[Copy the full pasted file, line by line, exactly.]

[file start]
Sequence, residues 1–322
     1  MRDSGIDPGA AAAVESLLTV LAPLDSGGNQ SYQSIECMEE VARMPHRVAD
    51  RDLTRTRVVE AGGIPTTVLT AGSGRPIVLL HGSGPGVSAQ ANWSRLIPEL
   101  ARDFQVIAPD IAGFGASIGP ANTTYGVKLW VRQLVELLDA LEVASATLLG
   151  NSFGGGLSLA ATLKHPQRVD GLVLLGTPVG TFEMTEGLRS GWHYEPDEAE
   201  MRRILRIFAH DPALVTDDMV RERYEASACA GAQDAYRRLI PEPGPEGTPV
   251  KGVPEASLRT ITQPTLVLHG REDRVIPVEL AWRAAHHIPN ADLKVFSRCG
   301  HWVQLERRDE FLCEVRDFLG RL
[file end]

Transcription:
Sequence, residues 1–322
     1  MRDSGIDPGA AAAVESLLTV LAPLDSGGNQ SYQSIECMEE VARMPHRVAD
    51  RDLTRTRVVE AGGIPTTVLT AGSGRPIVLL HGSGPGVSAQ ANWSRLIPEL
   101  ARDFQVIAPD IAGFGASIGP ANTTYGVKLW VRQLVELLDA LEVASATLLG
   151  NSFGGGLSLA ATLKHPQRVD GLVLLGTPVG TFEMTEGLRS GWHYEPDEAE
   201  MRRILRIFAH DPALVTDDMV RERYEASACA GAQDAYRRLI PEPGPEGTPV
   251  KGVPEASLRT ITQPTLVLHG REDRVIPVEL AWRAAHHIPN ADLKVFSRCG
   301  HWVQLERRDE FLCEVRDFLG RL